Now Is The Time to Love Your Neighbor

By Meridith St. Jean

Earlier this month, Sony Pictures Entertainment released a trailer for its new biopic on Fred Rogers, star of the long-running kid’s show, “Mister Rogers’ Neighborhood”. 

This marks the second movie made about Fred Rogers in just over a year. (The first, “Won’t You Be My Neighbor?” was the highest-grossing biographical documentary of all time.) 

It begs the question: why is America so desperate to hear from Fred Rogers nearly 20 years after the show’s finale? 

The answer is simple. At a time when partisan politics dominate our national narrative and TV pundits seem out of touch with reality, we’re all looking for something a little more real. And what’s more real than your neighbor or the community you live in? 

That’s why the National League of Cities created the Love My City campaign. In an effort to lift-up the real, tangible love we all feel for the places we call home, we’re calling on local leaders, corporate partners and most of all residents to share why they love their community. 

Some of the responses to the campaign have been illuminating: 

Stephanie from Atlanta, Georgia says, “Not much better than a run by the river.” 

In Columbia, South Carolina, Rocki writes, “I love the shade of yellow the leaves on the ginko trees turn in the fall.” 

Sharyn from Philadelphia says—presumably in a classic Philadelphian accent, “Philadelphia has the richest history, best ambassadors, greatest music roots, best food & neighborhoods full of character & love. It’s MY jawn!” 

An artist in Kinston, North Carolina says, “#loveMycity for its fighting spirit to grow and surpass its challenges and the love it shows for its people. And for those who express that love back in the work and care they do for it. ❤️”

Erica in Lexington, South Carolina loves watching the town’s sanitation team pick up the trash in front of her house with her toddler son. 

And Sylvia from Goodyear, Arizona writes simply, “My grandkids live here.” 

It’s a warm feeling to know that there are thousands of people across this country living out Mister Rogers’ legacy everyday by reaching out and connecting to their neighbors. 

But while Mister Rogers’ neighborhood may seem idyllic compared to today, it’s important to remember the time period during which the show aired. Beginning in 1962, the show ran through 2001. During those years, American society was nothing short of tumultuous.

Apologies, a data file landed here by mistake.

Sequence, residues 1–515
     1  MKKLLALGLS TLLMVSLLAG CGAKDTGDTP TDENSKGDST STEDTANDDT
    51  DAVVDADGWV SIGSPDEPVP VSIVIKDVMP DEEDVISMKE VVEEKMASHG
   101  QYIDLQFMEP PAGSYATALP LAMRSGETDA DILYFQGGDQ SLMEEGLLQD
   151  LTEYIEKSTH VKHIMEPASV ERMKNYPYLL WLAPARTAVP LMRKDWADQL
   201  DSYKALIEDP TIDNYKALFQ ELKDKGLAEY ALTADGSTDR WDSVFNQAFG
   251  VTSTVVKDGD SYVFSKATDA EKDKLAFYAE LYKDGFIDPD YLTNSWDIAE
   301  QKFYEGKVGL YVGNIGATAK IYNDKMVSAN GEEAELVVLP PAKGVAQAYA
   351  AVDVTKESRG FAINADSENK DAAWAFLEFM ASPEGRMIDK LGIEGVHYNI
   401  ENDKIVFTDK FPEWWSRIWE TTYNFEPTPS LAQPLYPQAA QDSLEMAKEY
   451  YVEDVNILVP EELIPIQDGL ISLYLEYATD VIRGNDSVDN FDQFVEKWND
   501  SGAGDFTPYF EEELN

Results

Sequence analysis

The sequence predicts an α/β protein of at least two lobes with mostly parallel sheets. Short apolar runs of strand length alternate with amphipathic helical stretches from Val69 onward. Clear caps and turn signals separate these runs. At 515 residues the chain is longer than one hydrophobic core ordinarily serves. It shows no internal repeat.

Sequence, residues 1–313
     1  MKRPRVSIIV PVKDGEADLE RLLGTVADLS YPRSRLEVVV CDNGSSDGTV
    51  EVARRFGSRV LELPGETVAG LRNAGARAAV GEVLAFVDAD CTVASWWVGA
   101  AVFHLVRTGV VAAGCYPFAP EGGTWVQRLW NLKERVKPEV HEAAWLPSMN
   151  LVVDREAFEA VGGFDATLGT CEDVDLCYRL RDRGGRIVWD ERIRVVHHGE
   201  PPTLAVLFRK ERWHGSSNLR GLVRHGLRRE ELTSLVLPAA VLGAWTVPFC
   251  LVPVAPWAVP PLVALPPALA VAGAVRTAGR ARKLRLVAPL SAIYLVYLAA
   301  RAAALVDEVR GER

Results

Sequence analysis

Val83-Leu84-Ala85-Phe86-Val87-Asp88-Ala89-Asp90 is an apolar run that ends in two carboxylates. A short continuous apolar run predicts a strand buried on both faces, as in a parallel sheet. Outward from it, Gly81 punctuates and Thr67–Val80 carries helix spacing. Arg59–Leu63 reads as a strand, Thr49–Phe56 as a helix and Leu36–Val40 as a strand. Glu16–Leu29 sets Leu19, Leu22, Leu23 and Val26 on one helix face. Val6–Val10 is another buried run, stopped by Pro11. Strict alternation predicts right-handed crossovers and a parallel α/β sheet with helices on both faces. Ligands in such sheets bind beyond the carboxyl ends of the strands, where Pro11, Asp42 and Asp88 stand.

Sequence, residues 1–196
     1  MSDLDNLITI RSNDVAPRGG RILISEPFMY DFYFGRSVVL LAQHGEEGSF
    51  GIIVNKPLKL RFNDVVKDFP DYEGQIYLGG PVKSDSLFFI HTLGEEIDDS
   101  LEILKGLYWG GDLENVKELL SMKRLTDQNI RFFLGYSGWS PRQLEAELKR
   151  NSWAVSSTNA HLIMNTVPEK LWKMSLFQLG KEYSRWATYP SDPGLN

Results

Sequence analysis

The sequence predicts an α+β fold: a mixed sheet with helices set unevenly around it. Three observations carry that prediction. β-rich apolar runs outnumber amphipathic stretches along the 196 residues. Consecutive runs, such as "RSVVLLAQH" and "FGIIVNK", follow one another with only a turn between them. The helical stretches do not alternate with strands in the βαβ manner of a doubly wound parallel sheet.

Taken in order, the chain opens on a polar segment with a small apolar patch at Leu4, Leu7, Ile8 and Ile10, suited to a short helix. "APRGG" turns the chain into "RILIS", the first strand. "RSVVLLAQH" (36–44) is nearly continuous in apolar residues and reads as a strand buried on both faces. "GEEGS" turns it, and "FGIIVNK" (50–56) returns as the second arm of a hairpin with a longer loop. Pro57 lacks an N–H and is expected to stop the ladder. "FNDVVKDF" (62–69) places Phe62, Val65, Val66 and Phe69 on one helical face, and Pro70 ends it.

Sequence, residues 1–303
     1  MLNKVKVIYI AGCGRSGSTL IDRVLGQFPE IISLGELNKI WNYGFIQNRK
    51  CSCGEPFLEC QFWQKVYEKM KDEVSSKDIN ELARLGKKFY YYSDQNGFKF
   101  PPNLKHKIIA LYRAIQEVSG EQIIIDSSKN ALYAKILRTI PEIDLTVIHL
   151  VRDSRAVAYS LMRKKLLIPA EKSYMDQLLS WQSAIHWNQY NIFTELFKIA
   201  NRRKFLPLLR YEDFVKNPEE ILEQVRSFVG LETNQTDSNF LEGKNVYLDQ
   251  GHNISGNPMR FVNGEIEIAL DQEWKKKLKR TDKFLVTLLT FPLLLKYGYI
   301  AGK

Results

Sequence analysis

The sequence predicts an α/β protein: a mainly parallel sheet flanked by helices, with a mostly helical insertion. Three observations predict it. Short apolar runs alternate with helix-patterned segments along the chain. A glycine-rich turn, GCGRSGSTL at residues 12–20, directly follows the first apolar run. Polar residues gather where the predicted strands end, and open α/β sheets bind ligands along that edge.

The Civil Rights movement; the Vietnam War; the Watergate Scandal; the Gulf War; the AIDS epidemic; massive changes in technology—these are just some of the events that shaped American society while the show was running. In many ways, the America of today is not so different from Mister Rogers’ America. 

Take for example one of his most famous episodes. In 1969, Mister Rogers, who was white, invited Officer Clemmons, who is black, to join him in soaking his bare feet in a backyard kitty pool on a hot summer’s day. 

This was a significant moment for two reasons. The first, because while America was technicallydesegregated at the time, pools in 1969 were still shutting out black people, just one example of a society that had yet to reconcile with structural racism. The gesture was symbolic, meant to breakdown stereotypes and encourage people to reach out to their neighbors. 

“Their casual intimacy exposed the bigotry of denying black citizens access to pools, or any other place in society.”

The second reason this is significant is because Francois Clemmons, who played the officer, was, in fact, reluctant to do so. 

Many years later, in an interview with Karl Lindholm, Clemmons said, “Fred came to me and said, “I have this idea, you could be a police officer.” That kind of stopped me in my tracks. I grew up in the ghetto. I did not have a positive opinion of police officers. Policemen were sicking police dogs and water hoses on people. And I really had a hard time putting myself in that role. So I was not excited about being Officer Clemmons at all.” 

Mister Rogers’ neighborhood may have been a peaceful one, but the world outside of it was not. And one of the reasons he was so beloved was because—not despite—of the way he explored the issues of his time.  

Our neighborhoods may be peaceful, but the world around us is not. What we have learned from Mister Rogers is, that despite the animosity, discontent and political punditry we see on TV, it is incumbent upon us to find and perform the compassion we wish to see. 

That’s what the Love My City Campaign is all about. It’s a beautiful day to tell us why you love your neighborhood, don’t you think?